The palace has a series of small tunnel-like stairs that lead from one mini Mahal to the other, followed by beautiful courtyards or terraces that give excellent views out to Udaipur. One of the highlights was a courtyard built on the 5th floor of the palace. 104 pillars surround it on all 4 sides with a huge tree smack in the center … yes, a tree! Apparently, the courtyard juts out of the palace like a balcony and rests atop a hilly outcrop, which allowed the architect to have a tree planted in the center – very ingenious. Another courtyard, aptly named Mor Chowk (Peacock courtyard) had fantastic peacock glass mosaics and these were absolutely beautiful. There were also some painted doors with Radha-Krishna themes and these were gorgeous as well. Unfortunately most of the paintings and murals in the palace are behind protective glass, which don’t make good photographs.
The guesthouses attached to the City Palace have been converted into 5-star heritage hotels. There are also some very fine restaurants and bars here. Though super expensive, it must be a grand setting to have a late-evening meal! We were also told that weddings and other lavish events are held in the courtyards with the palace as a fantastic backdrop! Needless to say, this is probably not meant for the aam janta.
After the palace, we walked over to Jagdish Mandir, which is another landmark in Udaipur. It was about 2 minutes away from the City Palace entrance. Climbing up the steep, marble steps, we found the temple to be huge and quite nice. It was nothing spectacular but a lovely temple, nevertheless. We spent a few minutes walking around the main structure and marvelling at the lovely carvings. Inside, however, it wasn’t very impressive and a rat running around the periphery scared me out.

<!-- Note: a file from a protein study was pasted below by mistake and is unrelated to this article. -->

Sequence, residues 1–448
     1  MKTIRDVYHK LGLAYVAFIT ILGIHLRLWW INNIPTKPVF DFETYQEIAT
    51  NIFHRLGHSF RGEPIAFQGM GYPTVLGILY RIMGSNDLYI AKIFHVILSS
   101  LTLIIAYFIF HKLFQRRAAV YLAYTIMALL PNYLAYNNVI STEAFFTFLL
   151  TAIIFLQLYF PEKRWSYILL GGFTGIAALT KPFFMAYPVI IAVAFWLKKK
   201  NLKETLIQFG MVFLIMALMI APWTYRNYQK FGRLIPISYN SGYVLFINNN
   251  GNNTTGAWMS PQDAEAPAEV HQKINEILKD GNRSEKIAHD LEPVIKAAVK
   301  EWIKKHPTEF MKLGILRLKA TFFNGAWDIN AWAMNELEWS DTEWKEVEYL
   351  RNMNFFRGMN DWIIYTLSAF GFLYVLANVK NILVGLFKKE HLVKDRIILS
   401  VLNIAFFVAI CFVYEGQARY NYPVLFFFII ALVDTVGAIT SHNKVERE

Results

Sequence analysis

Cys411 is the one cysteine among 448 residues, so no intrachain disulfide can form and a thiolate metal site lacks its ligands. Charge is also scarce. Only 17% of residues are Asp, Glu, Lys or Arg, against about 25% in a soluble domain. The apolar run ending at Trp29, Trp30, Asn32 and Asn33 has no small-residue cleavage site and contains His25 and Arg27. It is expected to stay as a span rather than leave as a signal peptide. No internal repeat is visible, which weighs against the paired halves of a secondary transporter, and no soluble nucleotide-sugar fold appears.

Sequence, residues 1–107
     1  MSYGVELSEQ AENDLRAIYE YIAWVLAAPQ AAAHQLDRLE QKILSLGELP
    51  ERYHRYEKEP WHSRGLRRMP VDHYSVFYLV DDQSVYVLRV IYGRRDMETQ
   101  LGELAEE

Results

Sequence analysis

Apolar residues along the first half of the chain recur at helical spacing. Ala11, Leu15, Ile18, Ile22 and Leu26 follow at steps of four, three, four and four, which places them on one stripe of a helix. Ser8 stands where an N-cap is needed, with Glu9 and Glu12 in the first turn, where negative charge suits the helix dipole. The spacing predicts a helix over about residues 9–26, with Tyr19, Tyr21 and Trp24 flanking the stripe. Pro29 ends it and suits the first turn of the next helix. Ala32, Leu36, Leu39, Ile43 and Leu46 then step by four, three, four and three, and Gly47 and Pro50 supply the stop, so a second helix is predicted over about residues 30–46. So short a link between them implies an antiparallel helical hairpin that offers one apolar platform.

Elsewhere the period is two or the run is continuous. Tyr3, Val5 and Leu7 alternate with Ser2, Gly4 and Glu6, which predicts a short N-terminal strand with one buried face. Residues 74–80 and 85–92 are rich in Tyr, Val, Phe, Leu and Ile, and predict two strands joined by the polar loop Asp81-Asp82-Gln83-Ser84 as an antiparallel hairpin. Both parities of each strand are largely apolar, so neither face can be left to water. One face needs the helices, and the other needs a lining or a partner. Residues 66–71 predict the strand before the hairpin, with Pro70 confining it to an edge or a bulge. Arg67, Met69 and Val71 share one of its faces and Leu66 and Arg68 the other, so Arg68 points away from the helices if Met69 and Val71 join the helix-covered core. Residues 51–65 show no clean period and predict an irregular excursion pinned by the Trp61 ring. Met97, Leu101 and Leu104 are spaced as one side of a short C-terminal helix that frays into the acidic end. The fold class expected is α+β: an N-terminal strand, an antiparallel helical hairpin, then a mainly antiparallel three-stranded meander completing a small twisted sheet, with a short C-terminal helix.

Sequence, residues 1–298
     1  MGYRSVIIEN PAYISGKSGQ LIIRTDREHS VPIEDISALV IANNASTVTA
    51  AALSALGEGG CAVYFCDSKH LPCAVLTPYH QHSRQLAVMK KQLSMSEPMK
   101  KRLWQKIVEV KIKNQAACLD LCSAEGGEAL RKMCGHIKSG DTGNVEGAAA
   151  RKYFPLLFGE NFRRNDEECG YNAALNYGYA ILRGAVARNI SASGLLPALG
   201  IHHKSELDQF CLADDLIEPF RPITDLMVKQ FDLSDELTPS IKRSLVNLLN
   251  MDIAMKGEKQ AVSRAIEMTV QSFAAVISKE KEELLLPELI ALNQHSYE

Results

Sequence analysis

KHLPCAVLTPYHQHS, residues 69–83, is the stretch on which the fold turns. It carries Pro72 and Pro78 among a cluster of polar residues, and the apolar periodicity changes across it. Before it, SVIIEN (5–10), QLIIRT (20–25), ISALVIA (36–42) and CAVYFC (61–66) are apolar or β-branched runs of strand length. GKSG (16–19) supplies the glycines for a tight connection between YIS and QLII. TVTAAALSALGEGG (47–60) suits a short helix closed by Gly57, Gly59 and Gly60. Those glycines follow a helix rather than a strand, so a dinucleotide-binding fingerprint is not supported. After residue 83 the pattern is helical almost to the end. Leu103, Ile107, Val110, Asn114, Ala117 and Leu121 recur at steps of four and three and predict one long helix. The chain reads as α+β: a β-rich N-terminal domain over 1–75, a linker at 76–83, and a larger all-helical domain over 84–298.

By this time, it was almost 2pm, so we stopped at a cafe across from the temple. One thing about Udaipur – most restaurants are part of the hotels and are on the roof-top of the hotel building. So they all offer some view or the other. The more popular ones are those that offer views of Lake Pichola. The one we walked into for lunch gave a splendid view of Jagdish temple’s huge shikhara.
After lunch, we went back to our hotel room and relaxed the afternoon away. Since our hotel offers wireless, we were able to spend some time updating our blogs and catching up with emails. We went back out in the evening but again just walked about with no particular aim. I got some mehndi done on my palms, while Madhu visited a local barber for a much-needed trim. We had initially planned on spending just 2 or 3 nights in Udaipur. But seeing how much we were enjoying its laid-back charm and since there was still tons to see and do, we decided to stay on for 2 more days.